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The European Central Bank shouldn’t be blamed for reacting to the economic consequences of the global trade dispute, former chief economist Peter Praet said, rebutting U.S. criticism that its policies are unfair.
“You have a lot of uncertainties on the external side, so you should not put the blame on the ECB’s policy when the international environment has deteriorated very much, also related to uncertainties related to trade,” Praet said in an interview with Bloomberg TV’s Matt Miller in Sintra, Portugal. “I think it would be very good to stabilize the international business environment.”
Policy makers are contending with persistently weak inflation and a slowdown of growth, with Germany, Europe’s largest economy, particularly affected by rising global protectionism. Speaking at the ECB’s annual forum earlier on Tuesday, President Mario Draghi raised the prospect of further stimulus if the region’s outlook doesn’t improve and specifically cited interest-rate reductions as an option.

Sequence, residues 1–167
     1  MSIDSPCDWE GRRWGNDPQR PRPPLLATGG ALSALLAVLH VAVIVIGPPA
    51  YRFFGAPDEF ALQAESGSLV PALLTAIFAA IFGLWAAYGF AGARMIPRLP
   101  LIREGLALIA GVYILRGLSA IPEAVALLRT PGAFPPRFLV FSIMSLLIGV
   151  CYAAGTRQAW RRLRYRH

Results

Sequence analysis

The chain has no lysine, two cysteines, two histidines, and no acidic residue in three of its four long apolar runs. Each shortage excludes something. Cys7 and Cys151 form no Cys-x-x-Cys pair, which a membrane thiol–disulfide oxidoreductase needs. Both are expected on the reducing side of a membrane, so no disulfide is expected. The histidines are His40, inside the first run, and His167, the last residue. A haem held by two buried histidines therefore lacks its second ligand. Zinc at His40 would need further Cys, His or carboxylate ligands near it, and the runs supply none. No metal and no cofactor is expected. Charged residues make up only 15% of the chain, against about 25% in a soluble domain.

The news caused bond yields across Europe to fall, and U.S. President Donald Trump tweeted that ECB action that weakens the euro is unfair.
“I think we should not exaggerate the impact of the communication of today on the exchange rate,” Praet said. “The exchange-rate issues are really second-order sort of issues.”
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